So, what do I really think?
I think that there is a fine line between protest and occupation. Occupy Wall Street has every right to make it’s declarations heard for as long as they want and wherever they want but they still have the responsibility to act as citizens, who enjoy and benefit from the rules and guidelines they are asking corporate America to follow. For me, to live for months on end in a way that prohibits others from enjoying a space meant for inclusion, is similar to having a public space that can only be utilized for a select group of people (to an extreme – segregation?). So, true to their name, their camping out is an “occupation” of a neutral space. Occupations are rarely seen as positive and occupations are the antithesis of public.
But, if not for this park, where else could they protest?
This is where I have a harder time coming to a conclusive decision. Is a city street (blocking traffic) a better venue because it is truly “public?” Must we require corporate organizations to “underwrite” a protest (and it’s associated costs – venue, food, etc)? Neither of these seem like good answers.
If I were part of Occupy Wall Street, what would I do? Where would I go? I mean, there are protest ordinances and permits, isn’t that enough? Do I need to take over a park? If so, should I be angry that someone says I must leave?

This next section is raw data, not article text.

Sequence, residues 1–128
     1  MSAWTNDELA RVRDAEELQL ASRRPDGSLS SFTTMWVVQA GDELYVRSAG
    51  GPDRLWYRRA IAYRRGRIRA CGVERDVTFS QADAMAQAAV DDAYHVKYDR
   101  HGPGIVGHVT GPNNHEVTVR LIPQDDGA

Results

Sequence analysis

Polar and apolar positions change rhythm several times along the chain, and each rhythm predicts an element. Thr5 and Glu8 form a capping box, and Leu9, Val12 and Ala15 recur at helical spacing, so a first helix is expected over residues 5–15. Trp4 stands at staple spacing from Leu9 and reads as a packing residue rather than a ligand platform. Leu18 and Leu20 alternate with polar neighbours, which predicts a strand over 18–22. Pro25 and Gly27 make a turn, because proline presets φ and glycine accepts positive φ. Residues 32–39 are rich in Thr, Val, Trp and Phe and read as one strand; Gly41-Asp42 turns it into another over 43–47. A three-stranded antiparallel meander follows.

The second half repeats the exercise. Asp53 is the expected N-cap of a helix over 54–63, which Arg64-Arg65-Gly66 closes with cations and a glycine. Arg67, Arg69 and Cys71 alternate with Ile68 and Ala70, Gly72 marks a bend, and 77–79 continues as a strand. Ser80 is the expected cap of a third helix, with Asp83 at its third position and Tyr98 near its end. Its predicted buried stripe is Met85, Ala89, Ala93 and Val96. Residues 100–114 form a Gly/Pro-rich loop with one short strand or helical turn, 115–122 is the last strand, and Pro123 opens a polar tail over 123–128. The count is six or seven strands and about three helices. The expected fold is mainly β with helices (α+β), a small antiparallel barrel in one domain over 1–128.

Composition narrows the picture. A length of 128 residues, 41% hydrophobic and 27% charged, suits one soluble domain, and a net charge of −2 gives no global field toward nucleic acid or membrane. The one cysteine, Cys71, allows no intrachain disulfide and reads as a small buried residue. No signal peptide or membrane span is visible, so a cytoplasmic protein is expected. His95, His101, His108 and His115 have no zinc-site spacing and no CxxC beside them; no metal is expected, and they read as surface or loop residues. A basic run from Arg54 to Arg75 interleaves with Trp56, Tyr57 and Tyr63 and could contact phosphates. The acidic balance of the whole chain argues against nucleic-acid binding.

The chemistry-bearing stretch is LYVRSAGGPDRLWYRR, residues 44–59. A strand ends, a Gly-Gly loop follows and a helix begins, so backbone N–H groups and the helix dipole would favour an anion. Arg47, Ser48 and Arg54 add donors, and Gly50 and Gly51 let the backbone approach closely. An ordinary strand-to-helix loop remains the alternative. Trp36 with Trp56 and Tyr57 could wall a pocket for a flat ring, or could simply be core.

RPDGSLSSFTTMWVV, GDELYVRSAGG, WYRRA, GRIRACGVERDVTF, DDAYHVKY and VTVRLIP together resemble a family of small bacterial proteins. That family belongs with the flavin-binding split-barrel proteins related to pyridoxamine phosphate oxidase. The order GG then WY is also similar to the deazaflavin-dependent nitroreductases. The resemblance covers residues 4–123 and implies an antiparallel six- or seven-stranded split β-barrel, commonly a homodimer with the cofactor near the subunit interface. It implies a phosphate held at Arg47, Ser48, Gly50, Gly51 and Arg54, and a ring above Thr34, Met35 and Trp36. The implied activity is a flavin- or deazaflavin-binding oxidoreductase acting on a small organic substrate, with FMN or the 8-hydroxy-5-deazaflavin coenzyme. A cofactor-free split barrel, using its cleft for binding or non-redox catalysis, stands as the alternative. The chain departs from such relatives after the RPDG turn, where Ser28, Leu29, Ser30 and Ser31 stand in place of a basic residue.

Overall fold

Here is the more important question: If I were truly concerned about making a change, why would I continue to create “public space” where crime and sanitation issues get in the way of my ideology? Isn’t this antithetical to any type of protest meant to create better living conditions for citizens? Wouldn’t I be amazed that I had gathered enough people to have this problem and come up with a better and more visible solution?
Here’s what I do think:
No. 1: A government cannot begin control a multi-billion dollar economy, from a logistical or moral perspective, if they can’t control a protest in a public park. You can’t ask one set of people to follow rules while another isn’t required to.
No. 2: Governments need to find a better way to deal with everyone’s right to protest in an effective manner. Yes, it’s true, the park is a mess but where else can they go?
No. 3: Public space is meant for the voice of the many, not the voice of the few who claim to speak for the many. Once one group speaks so loudly that others aren’t heard, there is a problem.
No. 4: Protest is only a childish past time if it cannot articulate its beliefs and negotiate ways to make life better through solutions . How can I put any amount of faith in a group of people who cannot organize more effectively? Why would I listen to them for guidance as to how to change major governmental issues?
Will Occupy Wall Street teach us something about how citizens communicate with the government? Absolutely.
Do I think that camping out in a park is the only way for Occupy Wall Street to make it’s point? Absolutely not.
Perhaps focusing on communicating its message intellectually instead of primarily through the visible demonstration of their disdain will require this group to crystallize their message in a way that might actually make a difference.
You know, to the Man.